This novel is inspired a dream that my boyfriend (at the time) told me about. We're not together...
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Among the Ghosts
The sun had turned pink; time was almost up for me.
I stared up at the hazy orb that loomed over me in the sky, mocking my failure as it raced unstoppably Westward. I leaned against the weak stone wall, remembering when a sun that color was only possible when a terrible fire burned the air, and how it used to hurt your eyes to stare into its white-hot light; the ashes and smoke of my old home took away even that familiarity away. I wondered when they would stop burning their own territory
in an attempt to force into the open the only brethren that I had left--that was, of course, if any but me remained.
I resisted the urge to heave a sigh—even the smallest sound, when fallen on another ear, could be the end of me—and reached into the dark green outdoorsman’s backpack that was slung over one of my slight, pathetically bony shoulders. I felt around the nearly empty side pocket until my pockets grasped the cold, metallic circle. I held the cool silver in the palm of my hand and toyed with the latch of the pocket watch, its quiet ticking the only sound among the wreckage. Before the Wars, the incessant ticking would have driven me up the wall, but now it was just about the only thing that broke the stifling silence. It was a strange trinket to carry around through the wreckage of a rebellion, but it was the only piece of my old life that I’d salvaged from the rubble of my home.
My stomach twisted unhappily and I fought the wave of emotion that descended upon me at the memory of that day, but at least I was beyond shutting down at the thought. Or maybe I was becoming the hardened, unattached person who was really the only version of myself that could last in a world like this. I didn’t want to be that person, to lose myself to a monster in order to adapt to a dying world.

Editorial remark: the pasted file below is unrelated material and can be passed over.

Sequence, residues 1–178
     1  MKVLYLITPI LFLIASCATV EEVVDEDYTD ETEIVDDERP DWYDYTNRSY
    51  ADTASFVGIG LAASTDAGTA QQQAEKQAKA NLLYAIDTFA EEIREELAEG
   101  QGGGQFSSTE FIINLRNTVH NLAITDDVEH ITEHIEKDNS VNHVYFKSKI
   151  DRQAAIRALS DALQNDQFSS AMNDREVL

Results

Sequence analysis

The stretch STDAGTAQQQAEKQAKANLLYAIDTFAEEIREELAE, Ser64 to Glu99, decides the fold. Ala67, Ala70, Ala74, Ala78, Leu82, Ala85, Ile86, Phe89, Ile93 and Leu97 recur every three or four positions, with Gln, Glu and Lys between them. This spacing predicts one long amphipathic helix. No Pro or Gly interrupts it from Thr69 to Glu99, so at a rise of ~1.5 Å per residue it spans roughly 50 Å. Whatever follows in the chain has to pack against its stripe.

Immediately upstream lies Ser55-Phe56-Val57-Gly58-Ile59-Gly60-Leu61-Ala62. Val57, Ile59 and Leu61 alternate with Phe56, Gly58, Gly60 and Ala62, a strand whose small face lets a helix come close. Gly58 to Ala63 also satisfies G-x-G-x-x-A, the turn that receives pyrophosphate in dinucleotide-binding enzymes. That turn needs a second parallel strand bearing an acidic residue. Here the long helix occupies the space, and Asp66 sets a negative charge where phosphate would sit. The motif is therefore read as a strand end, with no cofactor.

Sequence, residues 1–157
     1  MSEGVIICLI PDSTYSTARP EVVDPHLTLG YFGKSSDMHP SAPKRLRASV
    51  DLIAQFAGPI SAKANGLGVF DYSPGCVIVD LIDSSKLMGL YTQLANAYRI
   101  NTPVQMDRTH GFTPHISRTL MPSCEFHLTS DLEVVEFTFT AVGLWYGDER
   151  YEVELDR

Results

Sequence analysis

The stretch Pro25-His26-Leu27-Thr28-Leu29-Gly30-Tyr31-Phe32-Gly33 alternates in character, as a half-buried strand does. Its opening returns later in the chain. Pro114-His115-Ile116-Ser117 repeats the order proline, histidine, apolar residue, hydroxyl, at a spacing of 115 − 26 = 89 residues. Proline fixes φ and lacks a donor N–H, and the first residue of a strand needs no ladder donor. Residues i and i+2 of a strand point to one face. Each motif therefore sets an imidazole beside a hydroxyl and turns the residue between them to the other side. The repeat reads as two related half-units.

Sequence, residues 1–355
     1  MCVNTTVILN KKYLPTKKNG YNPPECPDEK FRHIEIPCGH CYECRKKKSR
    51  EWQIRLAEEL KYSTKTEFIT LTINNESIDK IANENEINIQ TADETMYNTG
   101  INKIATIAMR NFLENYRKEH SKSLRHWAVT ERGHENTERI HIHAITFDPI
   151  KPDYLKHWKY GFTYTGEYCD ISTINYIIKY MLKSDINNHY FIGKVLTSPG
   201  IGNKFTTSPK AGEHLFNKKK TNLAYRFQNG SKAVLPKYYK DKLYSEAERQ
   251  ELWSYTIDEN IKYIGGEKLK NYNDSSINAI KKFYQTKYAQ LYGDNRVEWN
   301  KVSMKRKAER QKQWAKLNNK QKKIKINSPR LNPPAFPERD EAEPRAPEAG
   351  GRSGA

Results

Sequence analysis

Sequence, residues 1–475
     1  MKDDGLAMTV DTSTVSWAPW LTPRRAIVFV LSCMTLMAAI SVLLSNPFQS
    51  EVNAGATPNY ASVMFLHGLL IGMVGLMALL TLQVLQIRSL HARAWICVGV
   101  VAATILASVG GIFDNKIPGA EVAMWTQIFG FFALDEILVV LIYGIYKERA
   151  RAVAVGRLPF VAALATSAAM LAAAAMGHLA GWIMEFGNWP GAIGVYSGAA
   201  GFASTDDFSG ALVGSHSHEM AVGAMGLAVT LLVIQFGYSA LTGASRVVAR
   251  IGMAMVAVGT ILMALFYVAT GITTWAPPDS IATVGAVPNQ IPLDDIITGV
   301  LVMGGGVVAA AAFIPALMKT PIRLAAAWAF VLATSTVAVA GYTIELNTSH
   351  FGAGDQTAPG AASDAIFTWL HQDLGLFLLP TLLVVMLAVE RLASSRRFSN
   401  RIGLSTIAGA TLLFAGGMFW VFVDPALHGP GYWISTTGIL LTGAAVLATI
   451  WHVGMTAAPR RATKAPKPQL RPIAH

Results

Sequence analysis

I pushed back the wave of nausea and begrudgingly forced myself from the wall that separated the houses’ backyards, and willed myself back into the doorway of my own personal hell. The house was merely an empty shell of the home that my sister had created for her family, but the kicked-in doors and the overturned furniture left plenty for my poisoned imagination to fill in the blanks with. I already knew coming into this place that there would be signs of a struggle—there was in every house that I’d forced myself to enter, because who would willingly be carried away by people who had invaded their country?--but this house held entirely new levels of terror. I knew which faces to imagine twisted in fear and I knew whose cold, empty presence was tangible in the air. I’d known it the second that I’d taken a step into the city limits, but some stupid hope had coaxed my desperate, lonely heart in this direction in what had started as a mission to sustain my frighteningly low food supply.
I’d failed both missions. I’d risked life and limb sneaking back into Albuquerque, and all I had to show for it was an empty stomach and a new arsenal of nightmares to leave me screaming in the rare moments that I actually allowed myself to rest. It wasn’t as though I didn’t have terrorizing nightmares to begin with, but starvation wasn’t something that I could just grit my teeth and push through for months on end. It had always loomed just beyond the horizon, but I’d always managed to scrape by; now, however, I had no time to do anything but to go back to my pathetic hideaway far outside of the city limits. Samaritan had somehow picked up on my presence and had sent out troops--dozens of them because they wouldn’t take any chances and the city was crawling with them to begin with—to dispose of the rebel who was encroaching on their supposedly flawless rule. If they caught me here, one of two things would happen, and the order would be given before I’d think to struggle; either they would put a bullet between my eyes and leave me for whatever scavenger that dared to look for food among the ruins, or I would be bound and hauled away to the unknown horrors that awaited captured rebels. Although it made me sick to know this, the latter option was almost guaranteed. They would probably torture me for information on the rebellion--which was laughable because not only was any organized rebellion crushed before the fires could be extinguished, but because even if there was one I had heard nothing about it. Besides, if I had managed to uncover the answers to their questions, I wouldn’t have been living this life, scavenging crumbs from painful memories of my past; I’d have used the information to find a way to track down the only person for whom I’d fought so hard to survive. We’d run off together and forget the world and all its horrors, and we’d spend the remainder of our lives carefree and safe and, most importantly, together.